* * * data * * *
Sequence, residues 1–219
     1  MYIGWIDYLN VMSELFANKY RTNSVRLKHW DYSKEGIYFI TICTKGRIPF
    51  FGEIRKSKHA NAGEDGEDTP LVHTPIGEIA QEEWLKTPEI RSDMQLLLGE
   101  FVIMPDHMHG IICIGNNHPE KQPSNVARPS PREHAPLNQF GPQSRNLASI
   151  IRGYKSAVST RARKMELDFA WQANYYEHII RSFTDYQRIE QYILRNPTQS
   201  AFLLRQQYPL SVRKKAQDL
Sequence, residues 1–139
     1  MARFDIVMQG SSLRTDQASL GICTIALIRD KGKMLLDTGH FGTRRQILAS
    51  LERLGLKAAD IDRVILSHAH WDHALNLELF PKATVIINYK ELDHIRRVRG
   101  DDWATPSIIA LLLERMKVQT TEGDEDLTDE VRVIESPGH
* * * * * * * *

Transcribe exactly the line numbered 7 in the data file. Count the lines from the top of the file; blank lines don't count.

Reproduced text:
Sequence, residues 1–139